Of course, people could still recommend the article without paying the five-cent fee, leaving their pals to sign up and pay ten cents if they’re not already customers, but I wonder whether that wouldn’t turn out to seem just rude in light of the fact that you and your pal probably have basically the same purchasing power with respect to five- or ten-cent articles.

Finally, I’ll repeat that this is why I’m so bullish on the proposition that journalists need to find in-demand scarce goods and services whose value is relatively easily quantified before the point of purchase. This is what I was thinking about in my recent post “Freemium News,” which was itself a reaction to Mitch Ratcliffe’s excellent thoughts on “the economics of great journalism.” My sense is that forwarding articles for free might be the kind of discrete, non-experiential feature for which someone might be willing to pay a flat upfront fee.

Open Salon on CJR

After none too few rounds of editing—which is decidedly not to say they weren’t thoroughly helpful—my piece about Salon.com’s newest adventure in blogging is up for your leisurely weekend enjoyment at the Columbia Journalism Review. Hot dog!

Thanks go to my friend and editor. He’s the kind of guy who works really hard, gets tired because of all that work, loves to sleep because of how tired he is, but is called indefatigable anyhow. Justin Peters, everyone! You may know him from such happy locales as diaperville, USA.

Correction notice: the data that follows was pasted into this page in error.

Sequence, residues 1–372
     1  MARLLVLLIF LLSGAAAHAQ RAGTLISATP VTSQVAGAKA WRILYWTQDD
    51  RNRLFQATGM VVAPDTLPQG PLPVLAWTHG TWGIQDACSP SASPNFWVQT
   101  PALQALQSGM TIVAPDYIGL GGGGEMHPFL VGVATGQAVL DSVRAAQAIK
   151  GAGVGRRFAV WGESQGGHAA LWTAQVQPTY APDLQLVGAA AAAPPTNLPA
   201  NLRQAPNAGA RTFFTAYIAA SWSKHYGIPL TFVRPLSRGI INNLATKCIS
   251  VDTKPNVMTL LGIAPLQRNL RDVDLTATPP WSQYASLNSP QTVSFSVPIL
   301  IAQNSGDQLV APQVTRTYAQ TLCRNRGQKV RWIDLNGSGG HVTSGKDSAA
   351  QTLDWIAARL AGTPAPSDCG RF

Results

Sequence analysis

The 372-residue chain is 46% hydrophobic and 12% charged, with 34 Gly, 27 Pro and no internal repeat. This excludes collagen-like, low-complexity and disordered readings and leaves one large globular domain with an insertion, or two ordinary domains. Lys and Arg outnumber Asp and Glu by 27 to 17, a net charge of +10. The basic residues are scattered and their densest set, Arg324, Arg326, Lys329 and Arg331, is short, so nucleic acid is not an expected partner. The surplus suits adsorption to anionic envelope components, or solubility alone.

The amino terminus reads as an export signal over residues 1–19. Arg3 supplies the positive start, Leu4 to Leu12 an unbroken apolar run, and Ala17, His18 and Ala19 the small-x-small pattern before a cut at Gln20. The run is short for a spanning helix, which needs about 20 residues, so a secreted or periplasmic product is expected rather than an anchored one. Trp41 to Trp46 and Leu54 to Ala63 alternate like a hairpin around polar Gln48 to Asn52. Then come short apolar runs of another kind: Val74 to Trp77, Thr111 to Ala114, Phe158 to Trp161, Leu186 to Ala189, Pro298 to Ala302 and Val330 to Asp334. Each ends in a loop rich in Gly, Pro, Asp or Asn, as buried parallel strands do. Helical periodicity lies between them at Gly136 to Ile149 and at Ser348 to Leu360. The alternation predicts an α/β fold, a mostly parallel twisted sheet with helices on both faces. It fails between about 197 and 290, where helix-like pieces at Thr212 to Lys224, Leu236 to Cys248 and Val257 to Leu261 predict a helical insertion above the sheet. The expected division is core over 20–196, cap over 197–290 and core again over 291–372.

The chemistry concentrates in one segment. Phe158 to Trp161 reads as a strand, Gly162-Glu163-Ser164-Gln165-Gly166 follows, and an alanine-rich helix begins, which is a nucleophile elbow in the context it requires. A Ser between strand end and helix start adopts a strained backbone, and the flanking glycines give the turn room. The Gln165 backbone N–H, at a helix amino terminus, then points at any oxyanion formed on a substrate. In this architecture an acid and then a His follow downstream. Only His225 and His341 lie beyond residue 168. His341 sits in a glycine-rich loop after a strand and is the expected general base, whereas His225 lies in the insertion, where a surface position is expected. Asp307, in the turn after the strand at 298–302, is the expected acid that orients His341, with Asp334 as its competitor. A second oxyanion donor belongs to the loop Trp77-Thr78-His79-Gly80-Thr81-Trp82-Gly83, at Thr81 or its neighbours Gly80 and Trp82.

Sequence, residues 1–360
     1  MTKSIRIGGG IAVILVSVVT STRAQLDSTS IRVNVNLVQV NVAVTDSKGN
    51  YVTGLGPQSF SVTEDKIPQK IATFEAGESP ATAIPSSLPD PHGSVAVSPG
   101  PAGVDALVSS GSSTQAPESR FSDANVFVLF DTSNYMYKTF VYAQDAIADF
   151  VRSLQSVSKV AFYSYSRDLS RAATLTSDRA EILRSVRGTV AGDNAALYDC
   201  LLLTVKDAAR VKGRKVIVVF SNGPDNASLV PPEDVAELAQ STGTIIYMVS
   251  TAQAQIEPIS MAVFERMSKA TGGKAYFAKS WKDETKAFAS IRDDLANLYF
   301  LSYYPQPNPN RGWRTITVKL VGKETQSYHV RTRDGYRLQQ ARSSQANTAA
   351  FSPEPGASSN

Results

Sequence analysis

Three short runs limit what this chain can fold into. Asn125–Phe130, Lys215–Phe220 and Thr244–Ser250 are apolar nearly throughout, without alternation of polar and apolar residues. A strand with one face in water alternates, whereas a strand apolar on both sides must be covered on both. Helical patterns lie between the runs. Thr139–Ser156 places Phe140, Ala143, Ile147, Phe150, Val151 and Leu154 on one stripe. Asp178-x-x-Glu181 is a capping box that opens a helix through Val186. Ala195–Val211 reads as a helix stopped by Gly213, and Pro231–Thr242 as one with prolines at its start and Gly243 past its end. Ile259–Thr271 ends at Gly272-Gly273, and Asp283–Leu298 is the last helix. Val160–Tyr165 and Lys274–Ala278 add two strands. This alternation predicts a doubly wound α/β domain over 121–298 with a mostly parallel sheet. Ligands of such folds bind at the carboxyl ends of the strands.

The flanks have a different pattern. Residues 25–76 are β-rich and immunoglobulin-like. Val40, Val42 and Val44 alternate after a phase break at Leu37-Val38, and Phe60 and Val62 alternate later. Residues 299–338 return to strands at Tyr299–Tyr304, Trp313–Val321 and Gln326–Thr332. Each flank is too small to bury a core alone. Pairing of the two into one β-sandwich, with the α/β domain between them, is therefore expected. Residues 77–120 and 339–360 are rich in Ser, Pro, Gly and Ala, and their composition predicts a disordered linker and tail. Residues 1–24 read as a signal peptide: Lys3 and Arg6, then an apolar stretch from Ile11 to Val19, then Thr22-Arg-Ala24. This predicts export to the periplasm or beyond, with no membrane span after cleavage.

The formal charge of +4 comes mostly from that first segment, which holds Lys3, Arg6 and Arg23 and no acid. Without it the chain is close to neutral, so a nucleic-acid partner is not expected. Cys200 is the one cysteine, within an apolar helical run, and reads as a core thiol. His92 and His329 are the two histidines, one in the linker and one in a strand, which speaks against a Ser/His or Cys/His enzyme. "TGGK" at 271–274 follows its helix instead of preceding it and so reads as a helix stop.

The trend is your friend (@vctips)

“…demonstrate how a market is or will be growing in alignment with your business. timing is everything.”

http://twitter.com/vctips/statuses/899488783

And so I say this: The concept of “following” made popular by twitter and friendfeed is an increasingly natural concept for users. Friendfeed has pushed the boundaries with its “hide” feature, allowing users to personalize the flow of information from their friends.

It’s time to expand beyond the notion of following friends and merge it with subscribing to feeds in general. The market for web apps where we “follow” and control the stream of information that’s most interesting to us is growing. It’s time to get ahead of the curve and get serious about following the news, personalized.

Features vs. Benefits: Don’t Forget

See here, slightly annotated with a humor joke:

Note the difference between features and benefits—and think about them. For example, a house that gives shelter and lasts a long time is made with certain materials and to a certain design; those are its features. Its benefits include pride of ownership, financial security (ha!), providing for the family, and inclusion in a neighborhood. You build features into your product or service so that you can sell the benefits.

Benefits are hard to write about concretely, almost to the point where thinking about their value becomes merely speculative. What’s pride of ownership really worth? What would people really pay for the marginal units of neighborhood inclusion that a house can impart over an apartment? Close to bullshit.

Only comparisons to similar cases really count. The comparisons can be direct, or they can be indirect and more creative. To the extent that they’re creative, however, they’re presumably less reliable, all else equal.

If your comparison is spot-on, but really creative, what makes it compelling to others, I suspect, says more about who’s listening than its internal logic.

So keep looking for listeners. Hard to know when to stop.


Josh Young's Facebook profile

What I’m thinking

Error: Twitter did not respond. Please wait a few minutes and refresh this page.

What I'm saving.

RSS What I’m reading.

  • An error has occurred; the feed is probably down. Try again later.